Blattner C, DeDonato A, Blochin E, Kazlouskaya V, Elston DM. Initial presentation of acute myelogenous leukemia in the infiltrate underlying an actinic keratosis . Indian Dermatol Online J [serial online] 2014 [cited 2019 Jun 24];5:508-9. Available from: http://www.idoj.in/text.asp?2014/5/4/508/142525


   Introduction Top


Myeloid leukemia cutis (LC) may be the presenting sign in patients with myeloid disorders, like acute myelogenous leukemia (AML). It occurs in approximately 13% of patients with AML [1] and classically presents later in the disease, when neoplastic leukocytes of myeloid lineage infiltrate the epidermis, dermis, or subcutis. [2] In some cases, however, the appearance of LC is the first evidence of leukemia and the atypical myeloid forms can be identified in the infiltrate underlying an unrelated skin lesion. The clinical appearance of the skin lesions is fairly non-specific and as in this case, the clinical appearance may reflect only the superficial cutaneous neoplasm, rather than the underlying leukemia. A high index of suspicion is required as correct interpretation of the biopsy leads to the correct diagnosis and allows early intervention. [3],[4] In our patient, the biopsy was performed for confirming a keratotic lesion; but the underlying leukemia proved to be the more important diagnosis.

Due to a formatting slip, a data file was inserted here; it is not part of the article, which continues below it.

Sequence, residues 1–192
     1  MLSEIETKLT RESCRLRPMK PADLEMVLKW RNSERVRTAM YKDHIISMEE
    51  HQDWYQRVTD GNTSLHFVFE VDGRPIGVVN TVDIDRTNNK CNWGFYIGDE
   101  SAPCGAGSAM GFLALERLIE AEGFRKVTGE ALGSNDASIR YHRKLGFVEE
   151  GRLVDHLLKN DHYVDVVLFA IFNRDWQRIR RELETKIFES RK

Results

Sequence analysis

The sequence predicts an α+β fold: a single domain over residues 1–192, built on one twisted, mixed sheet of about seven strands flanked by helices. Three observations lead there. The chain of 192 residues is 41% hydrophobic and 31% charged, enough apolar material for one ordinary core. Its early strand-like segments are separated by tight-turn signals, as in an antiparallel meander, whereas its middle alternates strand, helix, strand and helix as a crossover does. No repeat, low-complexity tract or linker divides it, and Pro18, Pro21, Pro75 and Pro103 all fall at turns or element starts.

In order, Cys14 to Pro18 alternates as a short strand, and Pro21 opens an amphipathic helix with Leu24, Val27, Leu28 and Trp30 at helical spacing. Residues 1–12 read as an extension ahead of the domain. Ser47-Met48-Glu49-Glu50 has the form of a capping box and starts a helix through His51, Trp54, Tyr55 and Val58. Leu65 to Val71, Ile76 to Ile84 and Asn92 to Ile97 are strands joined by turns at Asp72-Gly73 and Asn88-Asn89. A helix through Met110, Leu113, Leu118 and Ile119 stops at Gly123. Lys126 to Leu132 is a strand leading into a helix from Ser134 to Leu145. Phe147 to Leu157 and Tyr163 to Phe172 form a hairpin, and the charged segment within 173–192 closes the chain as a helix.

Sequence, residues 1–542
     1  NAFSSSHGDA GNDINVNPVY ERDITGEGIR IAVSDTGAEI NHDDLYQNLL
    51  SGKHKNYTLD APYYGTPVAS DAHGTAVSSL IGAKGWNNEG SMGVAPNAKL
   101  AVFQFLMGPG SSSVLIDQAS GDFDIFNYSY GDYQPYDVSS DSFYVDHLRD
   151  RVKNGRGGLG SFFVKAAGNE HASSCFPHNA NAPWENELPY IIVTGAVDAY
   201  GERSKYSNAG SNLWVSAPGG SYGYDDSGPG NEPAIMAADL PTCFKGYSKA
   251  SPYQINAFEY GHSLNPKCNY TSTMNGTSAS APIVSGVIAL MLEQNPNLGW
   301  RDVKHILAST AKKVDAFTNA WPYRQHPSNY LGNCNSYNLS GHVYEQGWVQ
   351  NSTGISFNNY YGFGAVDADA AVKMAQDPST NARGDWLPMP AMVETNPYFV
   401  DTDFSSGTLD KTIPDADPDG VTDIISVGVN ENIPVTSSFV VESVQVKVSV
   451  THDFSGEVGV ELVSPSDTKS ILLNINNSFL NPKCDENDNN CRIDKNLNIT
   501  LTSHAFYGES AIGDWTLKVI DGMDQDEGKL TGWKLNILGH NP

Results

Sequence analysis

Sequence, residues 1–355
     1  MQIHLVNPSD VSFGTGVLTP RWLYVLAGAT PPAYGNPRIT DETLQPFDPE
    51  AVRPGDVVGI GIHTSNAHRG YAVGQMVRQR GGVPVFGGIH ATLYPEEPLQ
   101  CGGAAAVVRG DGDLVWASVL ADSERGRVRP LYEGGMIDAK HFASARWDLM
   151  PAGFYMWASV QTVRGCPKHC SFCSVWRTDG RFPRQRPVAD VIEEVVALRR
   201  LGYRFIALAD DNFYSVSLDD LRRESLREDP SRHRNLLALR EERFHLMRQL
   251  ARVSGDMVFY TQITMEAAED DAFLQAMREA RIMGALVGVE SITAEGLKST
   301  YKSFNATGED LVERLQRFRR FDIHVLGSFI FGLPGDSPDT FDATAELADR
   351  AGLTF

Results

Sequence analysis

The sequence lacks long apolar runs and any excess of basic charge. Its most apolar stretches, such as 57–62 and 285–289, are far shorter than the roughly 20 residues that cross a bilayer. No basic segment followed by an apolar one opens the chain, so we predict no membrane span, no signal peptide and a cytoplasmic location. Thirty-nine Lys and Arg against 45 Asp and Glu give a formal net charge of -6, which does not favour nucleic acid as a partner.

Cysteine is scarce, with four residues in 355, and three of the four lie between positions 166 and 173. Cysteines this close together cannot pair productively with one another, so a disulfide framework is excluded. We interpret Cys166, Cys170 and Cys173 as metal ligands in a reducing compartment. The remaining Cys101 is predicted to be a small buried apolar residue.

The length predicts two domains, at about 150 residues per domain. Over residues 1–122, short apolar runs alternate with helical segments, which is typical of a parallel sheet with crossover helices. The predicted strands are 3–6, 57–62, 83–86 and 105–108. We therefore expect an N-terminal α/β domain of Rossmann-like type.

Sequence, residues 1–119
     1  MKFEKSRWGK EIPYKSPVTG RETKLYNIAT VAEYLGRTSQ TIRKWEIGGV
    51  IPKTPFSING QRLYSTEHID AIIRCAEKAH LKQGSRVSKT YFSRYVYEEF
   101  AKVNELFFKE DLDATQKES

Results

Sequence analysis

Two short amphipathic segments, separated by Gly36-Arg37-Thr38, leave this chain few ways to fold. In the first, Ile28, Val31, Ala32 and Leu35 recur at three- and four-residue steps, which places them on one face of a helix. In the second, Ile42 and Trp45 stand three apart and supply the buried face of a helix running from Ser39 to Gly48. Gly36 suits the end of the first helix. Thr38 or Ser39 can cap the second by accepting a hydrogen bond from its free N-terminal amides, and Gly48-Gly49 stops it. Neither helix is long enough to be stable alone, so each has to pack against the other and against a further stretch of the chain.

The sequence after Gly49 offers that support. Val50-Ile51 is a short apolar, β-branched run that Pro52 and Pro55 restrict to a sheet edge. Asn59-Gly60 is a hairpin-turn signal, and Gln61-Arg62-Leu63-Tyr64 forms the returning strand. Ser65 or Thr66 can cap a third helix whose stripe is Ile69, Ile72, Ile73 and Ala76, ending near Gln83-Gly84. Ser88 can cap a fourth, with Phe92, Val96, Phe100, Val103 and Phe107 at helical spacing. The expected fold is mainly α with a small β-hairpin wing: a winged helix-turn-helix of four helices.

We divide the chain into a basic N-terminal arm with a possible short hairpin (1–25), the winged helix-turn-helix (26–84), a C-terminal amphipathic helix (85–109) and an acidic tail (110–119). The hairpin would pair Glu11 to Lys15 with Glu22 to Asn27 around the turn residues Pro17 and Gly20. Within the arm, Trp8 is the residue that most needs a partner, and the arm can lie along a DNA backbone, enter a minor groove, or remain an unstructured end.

Clinical Top


An 85-year-old-female patient presented with skin lesions on her right temple and left nasal sidewall, suspicious for squamous cell carcinoma (SCC). Shave biopsies of the areas were performed.


   Dermatopathology Top


The lesion on right temple demonstrated an actinic keratosis (AK) with an underlying dermal infiltrate of immature myeloid cells [Figure 1] and [Figure 2]. Immunohistochemical staining for myeloperoxidase [Figure 3], CD68 and CD34 supported a diagnosis of myelogenous leukemia.